As medical intervention and treatment have improved and as people have become more conscientious about lifestyle factors that improve heart health, deaths from heart disease have declined. According to the American Heart Association, death rates attributable to cardiovascular disease dropped 31% from 2000 to 2010.* Nevertheless, the prevalence of heart disease and its risk factors continue to present a serious health challenge for Americans. This is particularly true for the elderly, significant majorities of whom have some manifestation of heart disease. One side effect that is just beginning to be understood is that heart disease has consequences for thinking and communication. “The risk of premature death from heart disease has been dramatically reduced,” says neuropsychologist Dr. Kenneth Freundlich of Morris Psychological Group. “As a result, more people are living longer and managing heart disease in its many forms. For some of them, however, that means managing cognitive impairment as well.”
Cardiovascular disease comprises a wide range of conditions that affect the heart and circulatory system. One or more of the most common — heart attack, stroke, angina, heart failure and high blood pressure – are present in more than 1 in 3 adults (83.6 million Americans) and about half of them (42.2 million) are over the age of 60.* With the elderly constituting an increasing segment of the population and with the prevalence among them of both cardiac disease and cognitive impairment, there has been growing interest in examining the relationship between the two. Studies have confirmed that people with cardiovascular conditions have higher rates of cognitive dysfunction than their healthy peers and there is growing understanding of the physiological mechanisms responsible.
What is the connection between cardiovascular disease and cognition?
The heart and the brain are inextricably linked. Problems in the heart and circulatory system can cause chemical, electrical and structural changes in the brain. For example, heart failure, which is characterized by the inability of the heart to pump effectively, causes blood flow to the brain to be reduced. Without an adequate supply of oxygen and nutrients, brain cells die, usually those in the cortex, the area associated with learning, memory and language. The resulting cognitive deficits may be mild and may be reversed if the heart failure is effectively treated. But if the heart continues to weaken, the mental impairment may become more severe and may progress to vascular dementia, the second most common dementia after Alzheimer’s disease, which is most often caused by a stroke. A type of vascular dementia known as multi-infarct dementia is caused by a series of mini-strokes, also called transient ischemic attacks (TIAs) that may go undetected but cause damage that adds up over time. “Stroke and vascular dementia are among the leading causes of cognitive dysfunction in the elderly,” says Dr. Freundlich. “But we now know that people with chronic heart conditions often suffer deficits in cognition well in advance of the occurrence of stroke or the diagnosis of dementia.”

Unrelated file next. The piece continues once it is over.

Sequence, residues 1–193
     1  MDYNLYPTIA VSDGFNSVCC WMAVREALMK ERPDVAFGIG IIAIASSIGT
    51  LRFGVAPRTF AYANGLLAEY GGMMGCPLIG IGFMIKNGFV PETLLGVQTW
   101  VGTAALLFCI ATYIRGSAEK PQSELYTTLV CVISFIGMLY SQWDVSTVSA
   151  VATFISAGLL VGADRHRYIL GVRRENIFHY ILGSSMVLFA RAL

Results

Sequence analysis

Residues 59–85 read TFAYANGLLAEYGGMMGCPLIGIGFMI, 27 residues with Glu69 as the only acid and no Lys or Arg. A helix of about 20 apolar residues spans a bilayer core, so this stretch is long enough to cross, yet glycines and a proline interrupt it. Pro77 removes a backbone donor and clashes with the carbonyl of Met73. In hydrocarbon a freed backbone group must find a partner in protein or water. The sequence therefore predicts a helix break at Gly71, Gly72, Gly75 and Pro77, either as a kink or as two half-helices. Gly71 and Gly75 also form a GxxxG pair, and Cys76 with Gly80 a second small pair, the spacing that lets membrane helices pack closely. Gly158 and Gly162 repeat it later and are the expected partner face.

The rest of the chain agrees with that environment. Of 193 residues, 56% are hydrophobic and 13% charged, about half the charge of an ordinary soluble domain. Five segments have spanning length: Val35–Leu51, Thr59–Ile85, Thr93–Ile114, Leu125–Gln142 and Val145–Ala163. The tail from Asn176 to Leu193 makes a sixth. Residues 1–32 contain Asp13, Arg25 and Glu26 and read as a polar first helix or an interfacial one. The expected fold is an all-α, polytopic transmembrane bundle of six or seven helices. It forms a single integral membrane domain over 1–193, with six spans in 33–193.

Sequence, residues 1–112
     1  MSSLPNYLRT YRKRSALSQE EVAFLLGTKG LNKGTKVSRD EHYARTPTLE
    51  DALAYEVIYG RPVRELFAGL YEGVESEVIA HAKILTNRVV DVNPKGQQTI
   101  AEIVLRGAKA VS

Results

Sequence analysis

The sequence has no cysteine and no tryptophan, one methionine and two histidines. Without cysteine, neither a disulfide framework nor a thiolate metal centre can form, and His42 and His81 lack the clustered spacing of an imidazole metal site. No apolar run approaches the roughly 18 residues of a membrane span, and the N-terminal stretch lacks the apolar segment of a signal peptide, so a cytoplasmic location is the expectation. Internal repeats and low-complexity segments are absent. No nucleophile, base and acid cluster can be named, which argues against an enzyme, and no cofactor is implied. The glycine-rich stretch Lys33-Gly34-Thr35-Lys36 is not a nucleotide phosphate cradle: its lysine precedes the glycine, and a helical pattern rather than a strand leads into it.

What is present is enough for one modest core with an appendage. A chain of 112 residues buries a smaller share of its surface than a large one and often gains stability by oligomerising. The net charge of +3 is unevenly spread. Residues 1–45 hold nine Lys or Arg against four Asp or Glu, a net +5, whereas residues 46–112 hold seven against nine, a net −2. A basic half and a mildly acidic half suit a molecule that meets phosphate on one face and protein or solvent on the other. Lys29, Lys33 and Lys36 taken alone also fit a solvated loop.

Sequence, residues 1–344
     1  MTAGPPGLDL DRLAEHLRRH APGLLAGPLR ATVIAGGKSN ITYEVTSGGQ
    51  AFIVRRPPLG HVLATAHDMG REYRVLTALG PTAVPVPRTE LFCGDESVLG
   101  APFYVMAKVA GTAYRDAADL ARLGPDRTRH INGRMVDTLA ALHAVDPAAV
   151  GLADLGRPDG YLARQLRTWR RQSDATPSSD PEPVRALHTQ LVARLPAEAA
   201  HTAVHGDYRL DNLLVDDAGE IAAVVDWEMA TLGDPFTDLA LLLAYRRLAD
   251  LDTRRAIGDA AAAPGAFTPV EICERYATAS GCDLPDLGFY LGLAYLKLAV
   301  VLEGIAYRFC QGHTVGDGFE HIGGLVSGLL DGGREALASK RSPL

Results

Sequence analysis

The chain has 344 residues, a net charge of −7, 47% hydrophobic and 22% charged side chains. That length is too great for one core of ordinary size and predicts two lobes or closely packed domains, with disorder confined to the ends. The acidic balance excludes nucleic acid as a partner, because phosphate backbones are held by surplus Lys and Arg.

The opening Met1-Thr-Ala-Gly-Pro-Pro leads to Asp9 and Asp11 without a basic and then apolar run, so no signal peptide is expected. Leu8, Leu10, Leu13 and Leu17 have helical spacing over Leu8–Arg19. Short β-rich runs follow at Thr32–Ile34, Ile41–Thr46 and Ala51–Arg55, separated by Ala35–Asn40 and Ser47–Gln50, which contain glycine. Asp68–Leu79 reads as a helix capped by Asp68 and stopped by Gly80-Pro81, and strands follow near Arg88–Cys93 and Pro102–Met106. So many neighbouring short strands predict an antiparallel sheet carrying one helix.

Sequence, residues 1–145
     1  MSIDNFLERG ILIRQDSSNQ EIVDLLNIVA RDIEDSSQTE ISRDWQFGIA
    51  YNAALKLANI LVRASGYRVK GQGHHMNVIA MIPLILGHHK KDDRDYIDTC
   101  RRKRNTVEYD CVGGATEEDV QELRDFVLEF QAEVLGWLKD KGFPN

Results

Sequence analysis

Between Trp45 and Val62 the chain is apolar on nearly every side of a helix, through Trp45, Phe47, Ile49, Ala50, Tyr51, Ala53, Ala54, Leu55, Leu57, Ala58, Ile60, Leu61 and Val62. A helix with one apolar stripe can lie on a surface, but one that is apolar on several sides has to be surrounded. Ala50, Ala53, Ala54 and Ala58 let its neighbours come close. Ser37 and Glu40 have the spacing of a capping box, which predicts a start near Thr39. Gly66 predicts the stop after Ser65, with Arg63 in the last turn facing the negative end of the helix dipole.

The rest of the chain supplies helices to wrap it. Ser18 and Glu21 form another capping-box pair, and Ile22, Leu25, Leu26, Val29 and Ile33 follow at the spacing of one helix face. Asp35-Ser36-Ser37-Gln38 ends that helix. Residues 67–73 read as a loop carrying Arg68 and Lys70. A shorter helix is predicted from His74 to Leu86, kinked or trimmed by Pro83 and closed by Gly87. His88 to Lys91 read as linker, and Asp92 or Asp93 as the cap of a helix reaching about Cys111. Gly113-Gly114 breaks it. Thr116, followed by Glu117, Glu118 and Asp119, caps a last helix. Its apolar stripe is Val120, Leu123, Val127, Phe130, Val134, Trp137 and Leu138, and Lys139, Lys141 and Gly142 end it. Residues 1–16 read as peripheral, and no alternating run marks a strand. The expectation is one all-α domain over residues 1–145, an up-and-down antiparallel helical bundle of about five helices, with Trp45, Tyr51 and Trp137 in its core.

What are the cognitive changes associated with cardiovascular disease?
The functional consequences of changes in the brain may be problems in attention and processing speed; memory, including verbal recall and learning efficiency; and executive function, which includes planning, reasoning and inhibition. “Basic cognition and language are typically unaffected by cardiovascular disease,” says Dr. Freundlich. “It is higher-level cognitive functioning that is more likely to be impaired.” Examples include attention switching, the ability to follow multi-step instructions, decision-making, and comprehension of complex or implied information. Recognition memory – the ability to remember and recognize familiar people or objects – which typically declines in people with Alzheimer’s, seems not to be significantly affected by the brain changes associated with heart disease.
What can be done to manage cardiac-related cognitive impairment?
Cognitive impairment has important consequences for daily functioning and quality of life. It can also bear directly on management of the underlying cardiac condition since it may interfere with a patient’s ability to comply with the treatment regimen or to recognize aggravated symptoms. Patients, their families and their physicians must be alert to the risk of cognitive decline and should consider the need for a neuropsychological evaluation that goes beyond basic screening to assess higher-level cognitive and linguistic abilities. The evaluation might include observation and interviews as well as structured tests. As a result, a therapeutic plan can be developed that optimizes outcomes for both cardiac and cognitive dysfunction.
“Preventing heart disease is the first priority,” Dr. Freundlich emphasizes. A study in the Netherlands found that even just having risk factors for heart disease is correlated with a decline in brain function in adults as young as 35.** The higher the risk profile for heart disease, the more serious the cognitive decline. “These findings reinforce the importance of managing lifestyle factors like smoking and obesity,” says Dr. Freundlich. “Doing so may reduce the risk not only of stroke and heart disease but of cognitive dysfunction as well.”